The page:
More Unwelcome Big-Think from Donald Kerr

Donald Kerr, principal deputy director of national intelligence, created a stir last year when he opined about “privacy” in a way that redefined the concept as congenially to the intelligence community as possible.

I put it this way in a critique at the time:

“If you’ve identified yourself to your ISP,” he appears to think, “you’ve identified yourself to me.” The folks in his world may think that way, but that’s not the way the rest of us look at it, and it’s not consistent with a sound interpretation of the Fourth Amendment or life in a free society.

Now he’s back at it with “cybersecurity.”

Walter Pincus of the Washington Post reports on two recent Kerr speeches that have “called for a radical new relationship between government and the private sector” in this area:

One approach would have the government take equity stakes in companies developing technical products, in effect expanding the practice of In-Q-Tel, the CIA entity that invests in companies.

Another proposal is to provide the same protective capabilities applied to government Web sites, ending in .gov and .mil, to the private industry’s sites, ending in .com, which Kerr said have close to 98 percent of the nation’s most important information.
* * *
“We have a responsibility … to help those companies that we take an equity stake in or those that are just out there in the U.S. economy, to protect the most valuable assets they have, their ideas and the people who create them,” he said.

The government-ownership-of-private-assets train is rolling out of the station and Kerr wants his agency to be on board. But he’s wrong. It’s the responsibility of private owners to secure their assets.

This is big-think we do not need. Just like with his contortion of “privacy,” Kerr would upend the roles and responsibilities of government and the private sector by giving government an ownership stake, for “cybersecurity” reasons or any other.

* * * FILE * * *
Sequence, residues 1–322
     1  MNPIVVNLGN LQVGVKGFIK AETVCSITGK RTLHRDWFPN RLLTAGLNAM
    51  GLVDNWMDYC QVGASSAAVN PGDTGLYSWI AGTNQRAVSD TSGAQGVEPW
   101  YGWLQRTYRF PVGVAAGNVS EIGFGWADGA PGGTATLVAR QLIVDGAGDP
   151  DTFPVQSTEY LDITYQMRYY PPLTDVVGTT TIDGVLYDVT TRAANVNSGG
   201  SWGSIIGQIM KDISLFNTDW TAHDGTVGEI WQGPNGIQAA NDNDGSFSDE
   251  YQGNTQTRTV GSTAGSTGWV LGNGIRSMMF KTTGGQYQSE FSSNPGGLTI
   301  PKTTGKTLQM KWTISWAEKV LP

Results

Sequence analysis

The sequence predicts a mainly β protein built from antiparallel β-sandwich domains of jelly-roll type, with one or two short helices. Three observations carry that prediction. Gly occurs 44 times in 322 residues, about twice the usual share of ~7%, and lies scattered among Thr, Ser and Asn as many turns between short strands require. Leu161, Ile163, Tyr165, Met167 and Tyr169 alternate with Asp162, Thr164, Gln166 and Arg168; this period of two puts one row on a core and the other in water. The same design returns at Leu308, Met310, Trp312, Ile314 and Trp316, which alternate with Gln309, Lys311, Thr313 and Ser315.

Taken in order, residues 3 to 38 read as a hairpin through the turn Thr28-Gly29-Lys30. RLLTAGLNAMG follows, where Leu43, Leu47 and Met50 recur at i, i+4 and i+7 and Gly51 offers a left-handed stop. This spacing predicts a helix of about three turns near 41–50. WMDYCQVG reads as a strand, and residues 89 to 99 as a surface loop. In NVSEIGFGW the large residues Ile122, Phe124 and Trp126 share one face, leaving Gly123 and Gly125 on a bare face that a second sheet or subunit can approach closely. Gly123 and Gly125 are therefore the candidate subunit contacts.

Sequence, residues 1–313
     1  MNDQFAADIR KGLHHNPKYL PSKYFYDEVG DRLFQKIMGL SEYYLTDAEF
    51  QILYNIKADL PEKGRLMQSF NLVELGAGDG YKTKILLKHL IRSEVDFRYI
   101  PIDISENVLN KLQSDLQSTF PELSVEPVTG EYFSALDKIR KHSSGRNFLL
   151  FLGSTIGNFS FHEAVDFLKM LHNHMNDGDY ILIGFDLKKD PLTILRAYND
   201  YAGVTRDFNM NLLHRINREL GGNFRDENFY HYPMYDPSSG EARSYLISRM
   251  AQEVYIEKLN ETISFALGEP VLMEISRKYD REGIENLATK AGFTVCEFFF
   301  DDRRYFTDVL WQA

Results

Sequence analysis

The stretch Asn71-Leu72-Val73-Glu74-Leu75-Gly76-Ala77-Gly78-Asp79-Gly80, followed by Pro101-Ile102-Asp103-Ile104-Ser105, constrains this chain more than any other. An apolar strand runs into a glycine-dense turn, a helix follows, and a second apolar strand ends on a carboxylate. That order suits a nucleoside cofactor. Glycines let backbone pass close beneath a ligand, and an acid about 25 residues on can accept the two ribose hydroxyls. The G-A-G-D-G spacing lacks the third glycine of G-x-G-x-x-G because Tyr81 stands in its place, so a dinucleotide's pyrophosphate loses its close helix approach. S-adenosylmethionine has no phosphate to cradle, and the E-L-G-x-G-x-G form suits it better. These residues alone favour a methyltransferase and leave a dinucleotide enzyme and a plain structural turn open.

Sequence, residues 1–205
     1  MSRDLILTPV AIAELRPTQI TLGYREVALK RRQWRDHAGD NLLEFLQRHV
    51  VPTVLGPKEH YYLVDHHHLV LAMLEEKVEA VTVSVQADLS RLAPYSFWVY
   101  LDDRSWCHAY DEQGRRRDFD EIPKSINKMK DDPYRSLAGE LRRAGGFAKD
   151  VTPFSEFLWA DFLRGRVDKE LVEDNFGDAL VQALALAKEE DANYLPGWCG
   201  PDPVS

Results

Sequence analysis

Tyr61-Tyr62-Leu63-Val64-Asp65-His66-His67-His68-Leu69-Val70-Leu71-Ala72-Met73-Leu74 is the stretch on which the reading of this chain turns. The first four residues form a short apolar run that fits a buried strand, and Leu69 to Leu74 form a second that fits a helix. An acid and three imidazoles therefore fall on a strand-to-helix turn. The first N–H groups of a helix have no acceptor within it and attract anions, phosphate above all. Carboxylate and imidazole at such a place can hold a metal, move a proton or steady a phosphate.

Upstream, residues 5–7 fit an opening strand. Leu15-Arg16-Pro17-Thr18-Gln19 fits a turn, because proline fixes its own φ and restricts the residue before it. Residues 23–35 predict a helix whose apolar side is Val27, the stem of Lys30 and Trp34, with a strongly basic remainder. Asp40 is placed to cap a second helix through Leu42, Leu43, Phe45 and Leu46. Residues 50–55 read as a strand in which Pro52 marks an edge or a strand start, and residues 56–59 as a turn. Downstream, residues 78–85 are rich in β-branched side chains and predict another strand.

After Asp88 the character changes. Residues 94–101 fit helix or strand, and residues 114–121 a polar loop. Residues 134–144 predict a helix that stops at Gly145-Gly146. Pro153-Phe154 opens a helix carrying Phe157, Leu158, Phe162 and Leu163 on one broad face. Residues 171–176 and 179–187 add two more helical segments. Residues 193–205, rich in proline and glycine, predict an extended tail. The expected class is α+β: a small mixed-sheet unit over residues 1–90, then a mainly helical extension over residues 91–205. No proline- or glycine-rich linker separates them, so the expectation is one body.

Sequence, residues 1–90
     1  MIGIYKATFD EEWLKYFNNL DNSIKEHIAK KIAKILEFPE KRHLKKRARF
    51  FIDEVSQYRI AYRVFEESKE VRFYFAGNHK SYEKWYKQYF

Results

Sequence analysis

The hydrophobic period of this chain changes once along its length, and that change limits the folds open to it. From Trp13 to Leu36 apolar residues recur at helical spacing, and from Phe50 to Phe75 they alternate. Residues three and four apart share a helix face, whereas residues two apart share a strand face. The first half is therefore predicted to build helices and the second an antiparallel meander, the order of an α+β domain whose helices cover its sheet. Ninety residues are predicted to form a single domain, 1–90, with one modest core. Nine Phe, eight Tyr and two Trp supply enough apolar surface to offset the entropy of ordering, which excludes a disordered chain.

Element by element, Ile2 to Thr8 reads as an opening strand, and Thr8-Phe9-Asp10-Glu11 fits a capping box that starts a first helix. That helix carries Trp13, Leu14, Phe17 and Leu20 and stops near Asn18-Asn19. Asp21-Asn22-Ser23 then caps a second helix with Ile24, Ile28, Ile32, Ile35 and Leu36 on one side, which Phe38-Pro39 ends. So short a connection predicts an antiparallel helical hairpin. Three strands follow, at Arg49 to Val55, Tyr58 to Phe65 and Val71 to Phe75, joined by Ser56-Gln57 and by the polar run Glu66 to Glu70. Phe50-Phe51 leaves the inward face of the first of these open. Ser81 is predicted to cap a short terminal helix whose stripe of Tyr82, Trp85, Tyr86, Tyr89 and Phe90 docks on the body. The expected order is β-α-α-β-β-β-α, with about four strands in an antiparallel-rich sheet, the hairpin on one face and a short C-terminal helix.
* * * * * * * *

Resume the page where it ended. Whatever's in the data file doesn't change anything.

Lula’s Heart vs Brazil’s Interests

Brazil’s president, Luiz Lula da Silva, has informed everyone whom he favors in today’s election: “This (financial) crisis, among other benefits it will cause, will get Obama elected as president of the United States. It will get a black man elected, which is no small matter.”

This is quite ironic. During Lula’s tenure as president of Brazil he has heavily focused his relationship with the United States on commercial issues, particularly two: the elimination of a U.S. tariff on Brazilian ethanol and the reduction of U.S. farm subsidies for which Brazil has refused to negotiate a Free Trade Area of the Americas. On both issues, John McCain favors Brazil’s interests while Obama opposes them.

McCain has said he would eliminate the tariff on Brazilian ethanol (which is probably costing him Iowa). Obama would keep it. McCain also voted against the farm bill which extended the agricultural subsidies that Lula complains so much about in international fora. Obama voted in favor of it.

It seems that Lula’s left-leaning heart has lead him to favor a candidate that goes against his country’s own interests.

Obama’s Pandering to Seniors